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Photos | How tourist attractions around the world look during the pandemic


American tourist boat Maid Of The Mist, limited to 50 percent occupancy under New York state's rules, glides past a Canadian vessel limited under Ontario's rules to just six passengers last month. (Carlos Osorio/Reuters)

As the coronavirus continues to put a damper on long-awaited travel plans, we’re still finding ways to make the days go by just a little faster.

Around the world, music venues, sports stadiums and other gathering places are adapting to pandemic-influenced lifestyles. Entertainment that is normally indoors is now outside. When not possible, indoor spaces are frequently sanitized and given capacity limits to ensure social distancing. Events have even headed to virtual venues, with cities finding unique ways to enforce safe practices.

It’s a different way of living, but our new “normal” has proved there are still ways to enjoy life’s pleasures.


Cars are parked at a temporary drive-in movie theater at the Rose Bowl stadium on July 4 in Pasadena, Calif. The stadium is known for its spectacular Fourth of July fireworks, which were canceled this year. (David McNew/Getty Images)

A poker dealer watches as another employee sanitizes the table at the Montecasino complex in Johannesburg on July 3. (Michelle Spatari/AFP/Getty Images)

Muhammad Sherzade, a yoga instructor, trains a group of people on Mount Azmar, which overlooks the city of Sulaimaniya in Iraq's autonomous Kurdish region, on July 19. (Shwan Mohammed/AFP/Getty Images)

An oversize mask, reading "Vegas Safely," covers the face of the half-size copy of the Statue of Liberty in Las Vegas, on July 20. (Ethan Miller/Getty Images)

People watch “The Prestige” while sitting in gondolas at the opening night of “Barch-in,” Italy's first drive-in with boats, in Venice on Tuesday. (Marco Sabadin/AFP/Getty Images)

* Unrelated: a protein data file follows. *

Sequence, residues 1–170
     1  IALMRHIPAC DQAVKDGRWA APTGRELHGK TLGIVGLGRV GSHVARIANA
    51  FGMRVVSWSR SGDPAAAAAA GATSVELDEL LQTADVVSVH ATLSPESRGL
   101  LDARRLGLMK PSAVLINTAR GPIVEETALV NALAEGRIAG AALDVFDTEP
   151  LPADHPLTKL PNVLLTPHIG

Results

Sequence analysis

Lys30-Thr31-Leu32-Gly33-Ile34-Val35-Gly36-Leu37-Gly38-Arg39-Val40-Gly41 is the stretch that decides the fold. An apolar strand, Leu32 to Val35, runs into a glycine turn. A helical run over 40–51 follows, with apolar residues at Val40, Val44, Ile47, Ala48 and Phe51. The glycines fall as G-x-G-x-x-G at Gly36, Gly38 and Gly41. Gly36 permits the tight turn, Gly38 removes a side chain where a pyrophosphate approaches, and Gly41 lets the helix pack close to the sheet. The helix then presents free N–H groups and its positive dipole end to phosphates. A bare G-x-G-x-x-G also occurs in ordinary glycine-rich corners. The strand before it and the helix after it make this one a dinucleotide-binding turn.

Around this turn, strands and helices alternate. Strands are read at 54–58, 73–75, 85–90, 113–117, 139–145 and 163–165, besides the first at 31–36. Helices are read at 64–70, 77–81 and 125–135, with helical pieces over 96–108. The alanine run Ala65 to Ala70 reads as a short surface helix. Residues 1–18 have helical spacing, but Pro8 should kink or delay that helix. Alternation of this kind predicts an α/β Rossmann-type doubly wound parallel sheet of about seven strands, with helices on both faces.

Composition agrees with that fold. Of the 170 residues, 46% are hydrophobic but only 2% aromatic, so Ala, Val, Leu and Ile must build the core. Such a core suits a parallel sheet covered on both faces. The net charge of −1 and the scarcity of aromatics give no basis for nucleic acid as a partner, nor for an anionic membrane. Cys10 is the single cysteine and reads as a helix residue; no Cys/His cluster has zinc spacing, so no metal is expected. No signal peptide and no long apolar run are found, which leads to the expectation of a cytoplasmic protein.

Fans made of cardboard are seated ahead of the soccer match between Millwall and Huddersfield Town at the stadium the Den, on July 22 in London. (Warren Little/Getty Images)

People visit a beach in Chipiona, Spain. (Local Police Chipiona-092/Reuters)

A couple takes a selfie in the giraffe sanctuary at the zoo in Sao Paulo, Brazil, on July 14. (Miguel Schincariol/Getty Images)

A boy plays with a bubble machine shaped like a dinosaur outside the Universal Studios theme park of Resorts World Sentosa in Singapore on July 16. (How Hwee Young/EPA-EFE/Shutterstock)

Actors dressed as zombies get their scare on during a drive-in haunted house in Tokyo on July 3. (Issei Kato/Reuters)

Thomas Lindgren, left, and Anders Mansson, both from a knight society, patrol and encourage social distancing in the city of Visby on the Swedish island of Gotland, on July 23. (Soren Andersson/TT News Agency/AFP/Getty Images)

A cook prepares lomo saltado, a popular Peruvian dish, at a restaurant in Lima on July 20. (Ernesto Benavides/AFP/Getty Images)

Children play in a mud pool during the Boryeong Mud Festival, which was switched to a live stream, in Gwangju, South Korea, on July 18. (Heo Ran/Reuters)

A couple takes part in a campaign by Israel's Nature and Parks Authority that calls on Israelis to join sightseeing tours and find comfort in hugging trees, in Apollonia National Park, near Herzliya, on July 7. (Ronen Zvulun/Reuters)

The president of the Karlovy Vary International Film Festival, Jiri Bartoska, left, and entertainer Marek Eben sit in an empty movie theater during the filming of a special opening ceremony broadcast, In Karlovy Vary, Czech Republic, on July 3. (Gabriel Kuchta/Getty Images)

An actor performs during the play “Pinocchio” at a drive-in theater in Asunción, Paraguay, on July 18. (Norberto Duarte/AFP/Getty Images)

Read more:

Photos | An inside look at Disney park reopenings around the world

If you can’t get to a national park, appreciate their beauty with these 11 photos

Anonymous neighbors and rooftop views: Three photographers’ dispatches from isolation

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